Published: March 26, 2002
LOS ANGELES, CALIF. – A crowded auction room broke into applause Sunday, March 17, after a collector paid nearly $190,000 for a brushed aluminum two-piece coffee table, one of three examples known, setting a world record. Butterfields and Los Angeles Modern Auctions offered Twentieth Century decorative arts, furniture, art glass and fine art in an auction bringing more than $1.255 million.
Frederick Kiesler’s freeform nesting tables, custom manufactured for the designer’s friend and patron Martin Janis in 1935, were estimated at $100/125,000. Bidding opened at $80,000 and steadily climbed as a client seated in Butterfields’ Los Angeles salesroom competed with a telephone bidder.
The selling price of $189,875 sets a record for the designer’s work. Two other examples of Kiesler’s nesting tables reside in museum collections — at the Museum of Modern Art and within a traveling exhibit organized by the Carnegie Museum of Art. The successful buyer was not unidentified.
Another record price was set for a custom-manufactured Sam Maloof rocker of walnut and leather that brought $23,375, the most ever paid at auction for a Maloof rocking chair. This chair, manufactured in 1968, bears a stamp and metal label. It sold to a bidder seated in the salesroom. Internet bidding during the auction was competitive and more than 20 percent of the lots sold online.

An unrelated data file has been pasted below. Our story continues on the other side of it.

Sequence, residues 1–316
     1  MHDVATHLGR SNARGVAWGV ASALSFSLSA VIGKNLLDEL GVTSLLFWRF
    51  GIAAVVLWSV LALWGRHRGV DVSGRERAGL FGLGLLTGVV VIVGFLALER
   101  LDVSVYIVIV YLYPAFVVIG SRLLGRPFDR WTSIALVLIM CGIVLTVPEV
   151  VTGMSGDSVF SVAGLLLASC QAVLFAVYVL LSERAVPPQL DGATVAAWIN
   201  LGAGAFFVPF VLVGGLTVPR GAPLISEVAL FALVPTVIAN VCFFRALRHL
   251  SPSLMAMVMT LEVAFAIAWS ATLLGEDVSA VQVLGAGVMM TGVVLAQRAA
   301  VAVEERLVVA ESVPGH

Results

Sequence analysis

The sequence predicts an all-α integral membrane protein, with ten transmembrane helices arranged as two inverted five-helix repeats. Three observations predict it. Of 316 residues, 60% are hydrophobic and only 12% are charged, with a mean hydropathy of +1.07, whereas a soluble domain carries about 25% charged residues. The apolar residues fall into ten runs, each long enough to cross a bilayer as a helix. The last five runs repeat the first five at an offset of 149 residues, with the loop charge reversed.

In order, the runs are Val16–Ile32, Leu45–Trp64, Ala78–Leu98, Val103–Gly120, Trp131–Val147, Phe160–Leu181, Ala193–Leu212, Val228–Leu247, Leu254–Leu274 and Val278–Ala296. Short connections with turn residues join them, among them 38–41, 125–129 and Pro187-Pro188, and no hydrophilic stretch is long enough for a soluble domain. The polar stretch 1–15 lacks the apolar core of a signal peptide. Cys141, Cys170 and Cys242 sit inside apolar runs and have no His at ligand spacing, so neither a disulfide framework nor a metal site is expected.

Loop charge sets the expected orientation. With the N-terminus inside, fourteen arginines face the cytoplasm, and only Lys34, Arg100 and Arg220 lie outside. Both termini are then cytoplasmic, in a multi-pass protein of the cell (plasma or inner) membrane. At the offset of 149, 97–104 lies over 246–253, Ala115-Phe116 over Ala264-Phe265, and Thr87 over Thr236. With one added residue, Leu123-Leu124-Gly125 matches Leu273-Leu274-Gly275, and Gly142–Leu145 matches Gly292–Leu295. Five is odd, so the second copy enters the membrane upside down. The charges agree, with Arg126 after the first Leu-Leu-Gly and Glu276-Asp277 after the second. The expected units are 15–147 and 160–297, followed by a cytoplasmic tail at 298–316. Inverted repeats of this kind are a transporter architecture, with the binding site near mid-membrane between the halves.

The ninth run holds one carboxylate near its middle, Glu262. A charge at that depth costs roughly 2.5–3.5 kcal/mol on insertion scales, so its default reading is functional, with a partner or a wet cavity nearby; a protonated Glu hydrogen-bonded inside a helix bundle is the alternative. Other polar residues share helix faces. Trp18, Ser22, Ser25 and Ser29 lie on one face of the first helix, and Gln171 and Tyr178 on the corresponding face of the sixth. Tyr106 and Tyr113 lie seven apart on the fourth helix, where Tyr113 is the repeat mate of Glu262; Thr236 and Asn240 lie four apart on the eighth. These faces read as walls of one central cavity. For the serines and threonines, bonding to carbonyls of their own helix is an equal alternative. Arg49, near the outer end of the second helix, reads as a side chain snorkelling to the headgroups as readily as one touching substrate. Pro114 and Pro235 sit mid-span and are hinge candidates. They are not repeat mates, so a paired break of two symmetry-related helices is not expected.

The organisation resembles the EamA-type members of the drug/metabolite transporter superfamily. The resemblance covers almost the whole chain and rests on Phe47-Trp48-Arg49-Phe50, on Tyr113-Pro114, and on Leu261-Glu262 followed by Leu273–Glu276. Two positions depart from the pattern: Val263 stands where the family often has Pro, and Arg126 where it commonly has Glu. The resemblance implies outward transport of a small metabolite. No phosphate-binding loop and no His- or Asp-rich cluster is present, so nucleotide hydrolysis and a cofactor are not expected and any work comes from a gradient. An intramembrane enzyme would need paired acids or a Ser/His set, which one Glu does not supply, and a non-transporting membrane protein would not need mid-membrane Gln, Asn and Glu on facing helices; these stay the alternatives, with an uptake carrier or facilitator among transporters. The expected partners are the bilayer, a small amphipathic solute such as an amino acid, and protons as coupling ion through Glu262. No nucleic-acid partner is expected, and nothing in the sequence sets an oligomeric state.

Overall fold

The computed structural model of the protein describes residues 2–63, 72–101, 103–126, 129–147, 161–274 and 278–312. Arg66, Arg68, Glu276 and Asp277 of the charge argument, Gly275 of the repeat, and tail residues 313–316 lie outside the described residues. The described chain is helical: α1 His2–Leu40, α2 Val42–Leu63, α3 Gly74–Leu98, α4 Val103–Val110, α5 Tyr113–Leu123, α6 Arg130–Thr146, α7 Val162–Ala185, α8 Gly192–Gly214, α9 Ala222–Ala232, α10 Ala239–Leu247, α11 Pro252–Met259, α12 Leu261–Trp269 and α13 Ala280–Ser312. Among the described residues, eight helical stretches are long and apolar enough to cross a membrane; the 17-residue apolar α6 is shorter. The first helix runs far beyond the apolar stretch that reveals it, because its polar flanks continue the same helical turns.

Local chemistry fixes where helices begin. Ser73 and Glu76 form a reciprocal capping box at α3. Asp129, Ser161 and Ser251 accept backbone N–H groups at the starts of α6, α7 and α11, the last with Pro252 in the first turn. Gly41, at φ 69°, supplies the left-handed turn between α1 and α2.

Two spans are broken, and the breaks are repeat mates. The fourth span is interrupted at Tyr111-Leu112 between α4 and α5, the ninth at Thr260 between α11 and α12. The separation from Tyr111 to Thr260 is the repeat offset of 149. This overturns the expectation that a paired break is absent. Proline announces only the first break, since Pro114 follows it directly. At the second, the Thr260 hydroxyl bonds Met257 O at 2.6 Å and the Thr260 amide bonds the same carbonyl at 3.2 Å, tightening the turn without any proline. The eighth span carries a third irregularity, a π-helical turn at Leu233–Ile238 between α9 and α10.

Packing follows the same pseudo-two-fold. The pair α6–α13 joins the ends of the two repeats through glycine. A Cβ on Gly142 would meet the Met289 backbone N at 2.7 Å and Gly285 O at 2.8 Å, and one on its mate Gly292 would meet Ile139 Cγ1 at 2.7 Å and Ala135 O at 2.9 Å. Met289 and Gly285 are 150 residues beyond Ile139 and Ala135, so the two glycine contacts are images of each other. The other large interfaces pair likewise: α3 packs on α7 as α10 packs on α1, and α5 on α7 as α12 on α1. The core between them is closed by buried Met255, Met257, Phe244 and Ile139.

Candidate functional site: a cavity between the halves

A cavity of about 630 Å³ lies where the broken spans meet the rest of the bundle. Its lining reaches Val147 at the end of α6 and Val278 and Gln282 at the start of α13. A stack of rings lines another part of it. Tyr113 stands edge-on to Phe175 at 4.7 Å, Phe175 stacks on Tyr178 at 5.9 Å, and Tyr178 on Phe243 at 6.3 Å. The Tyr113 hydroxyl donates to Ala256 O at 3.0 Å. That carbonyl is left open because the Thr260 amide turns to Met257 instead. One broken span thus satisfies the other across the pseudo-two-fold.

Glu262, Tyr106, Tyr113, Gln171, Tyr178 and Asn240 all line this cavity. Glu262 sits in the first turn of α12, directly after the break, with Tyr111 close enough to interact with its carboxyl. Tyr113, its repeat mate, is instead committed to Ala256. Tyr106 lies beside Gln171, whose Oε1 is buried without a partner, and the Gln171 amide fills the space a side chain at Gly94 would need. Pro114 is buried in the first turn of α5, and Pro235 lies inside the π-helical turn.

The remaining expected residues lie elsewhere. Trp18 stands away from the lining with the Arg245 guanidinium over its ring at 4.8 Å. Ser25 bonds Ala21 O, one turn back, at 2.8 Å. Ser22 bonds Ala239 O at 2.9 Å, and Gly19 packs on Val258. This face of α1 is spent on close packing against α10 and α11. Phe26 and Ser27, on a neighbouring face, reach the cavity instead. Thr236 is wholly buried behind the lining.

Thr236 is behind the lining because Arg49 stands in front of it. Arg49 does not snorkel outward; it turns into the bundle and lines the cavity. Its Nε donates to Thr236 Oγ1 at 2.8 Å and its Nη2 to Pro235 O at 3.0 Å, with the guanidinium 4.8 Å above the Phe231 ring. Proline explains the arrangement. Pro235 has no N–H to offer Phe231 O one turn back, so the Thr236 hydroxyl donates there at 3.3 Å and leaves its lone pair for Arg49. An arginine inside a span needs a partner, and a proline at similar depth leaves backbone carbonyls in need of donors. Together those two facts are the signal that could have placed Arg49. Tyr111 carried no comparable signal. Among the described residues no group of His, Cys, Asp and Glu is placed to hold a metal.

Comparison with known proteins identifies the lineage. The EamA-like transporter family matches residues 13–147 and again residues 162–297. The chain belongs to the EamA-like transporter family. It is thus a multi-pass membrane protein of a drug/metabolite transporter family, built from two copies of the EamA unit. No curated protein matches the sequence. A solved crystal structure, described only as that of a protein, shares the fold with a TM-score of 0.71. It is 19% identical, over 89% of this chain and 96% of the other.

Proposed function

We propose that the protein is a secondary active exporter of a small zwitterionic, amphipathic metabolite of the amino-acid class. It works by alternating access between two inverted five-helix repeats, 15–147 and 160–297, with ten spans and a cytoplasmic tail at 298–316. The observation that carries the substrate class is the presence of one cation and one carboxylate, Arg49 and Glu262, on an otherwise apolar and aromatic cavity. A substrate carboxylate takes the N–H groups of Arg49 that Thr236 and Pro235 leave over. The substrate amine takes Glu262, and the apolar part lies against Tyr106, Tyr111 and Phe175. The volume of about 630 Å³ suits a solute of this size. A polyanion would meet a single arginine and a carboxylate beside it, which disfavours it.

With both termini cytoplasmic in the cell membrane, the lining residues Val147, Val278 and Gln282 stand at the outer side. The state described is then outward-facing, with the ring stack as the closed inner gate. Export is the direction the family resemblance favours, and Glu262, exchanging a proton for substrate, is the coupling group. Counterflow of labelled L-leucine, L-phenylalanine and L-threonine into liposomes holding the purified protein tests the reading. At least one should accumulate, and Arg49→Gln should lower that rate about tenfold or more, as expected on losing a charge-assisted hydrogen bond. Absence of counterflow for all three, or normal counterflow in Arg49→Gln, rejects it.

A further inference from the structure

A Glen Lukens glazed 18-inch wide ceramic bowl designed circa 1955 and bearing his painted signature brought a record $23,375 after serious bidders battled, the lot having opened at under $1,000.
A set of Russel Wright flatware comprising 54-pieces — knives, forks, tea and soup spoons — sold for a record $16,450. The Smithsonian’s Cooper-Hewitt National Design Museum is currently exhibiting examples of Wright’s designs.
Strong sellers included $40,625 (more than four time the estimate) paid for a Tiffany Favrile glass Dragonfly lampshade on a Tiffany-style bronze base and $17,625, more than twice the estimate, for a Tiffany Studios Favrile glass and gilt bronze lamp circa 1899-1920.
A Jacques Adnet leather-covered desk of brass and steel, designed circa 1950, sold within estimate for $18,775. The same amount was paid for a circa 1934 Rudolph M. Schindler “Unit” chair designed for the Van Patten residence.
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